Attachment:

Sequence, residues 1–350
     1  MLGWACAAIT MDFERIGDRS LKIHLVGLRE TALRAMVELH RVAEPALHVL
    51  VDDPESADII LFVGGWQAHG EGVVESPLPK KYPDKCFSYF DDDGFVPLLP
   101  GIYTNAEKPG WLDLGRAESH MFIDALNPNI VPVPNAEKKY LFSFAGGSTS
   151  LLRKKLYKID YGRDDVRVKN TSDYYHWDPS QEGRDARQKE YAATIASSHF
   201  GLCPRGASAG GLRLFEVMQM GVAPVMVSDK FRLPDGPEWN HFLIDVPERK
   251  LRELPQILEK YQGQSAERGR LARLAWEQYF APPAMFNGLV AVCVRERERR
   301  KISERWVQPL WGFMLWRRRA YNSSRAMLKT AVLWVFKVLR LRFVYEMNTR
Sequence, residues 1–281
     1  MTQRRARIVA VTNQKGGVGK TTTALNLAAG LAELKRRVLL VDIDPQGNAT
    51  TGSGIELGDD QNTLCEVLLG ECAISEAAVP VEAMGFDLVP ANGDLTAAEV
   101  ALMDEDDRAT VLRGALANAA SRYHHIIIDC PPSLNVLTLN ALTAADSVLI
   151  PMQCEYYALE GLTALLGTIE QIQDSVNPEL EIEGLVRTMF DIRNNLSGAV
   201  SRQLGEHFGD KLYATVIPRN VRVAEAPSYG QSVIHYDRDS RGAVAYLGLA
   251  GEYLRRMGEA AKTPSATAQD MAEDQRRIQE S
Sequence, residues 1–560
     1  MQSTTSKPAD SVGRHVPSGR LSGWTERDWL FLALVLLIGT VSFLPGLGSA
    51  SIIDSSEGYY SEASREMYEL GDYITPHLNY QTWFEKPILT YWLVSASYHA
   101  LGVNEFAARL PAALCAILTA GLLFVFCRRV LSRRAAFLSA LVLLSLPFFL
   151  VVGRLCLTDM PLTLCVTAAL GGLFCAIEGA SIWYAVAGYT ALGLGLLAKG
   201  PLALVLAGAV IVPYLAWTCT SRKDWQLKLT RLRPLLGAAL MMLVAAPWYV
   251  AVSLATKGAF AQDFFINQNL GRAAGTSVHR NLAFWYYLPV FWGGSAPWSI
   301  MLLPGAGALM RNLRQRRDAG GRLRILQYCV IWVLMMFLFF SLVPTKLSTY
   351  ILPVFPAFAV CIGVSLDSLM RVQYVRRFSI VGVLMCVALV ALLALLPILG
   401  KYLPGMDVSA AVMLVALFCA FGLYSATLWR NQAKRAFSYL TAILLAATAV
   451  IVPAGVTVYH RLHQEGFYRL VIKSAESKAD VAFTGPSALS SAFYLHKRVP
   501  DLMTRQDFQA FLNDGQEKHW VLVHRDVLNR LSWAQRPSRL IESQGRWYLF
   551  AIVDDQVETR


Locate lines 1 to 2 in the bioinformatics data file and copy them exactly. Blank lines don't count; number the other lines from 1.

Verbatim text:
Sequence, residues 1–350
     1  MLGWACAAIT MDFERIGDRS LKIHLVGLRE TALRAMVELH RVAEPALHVL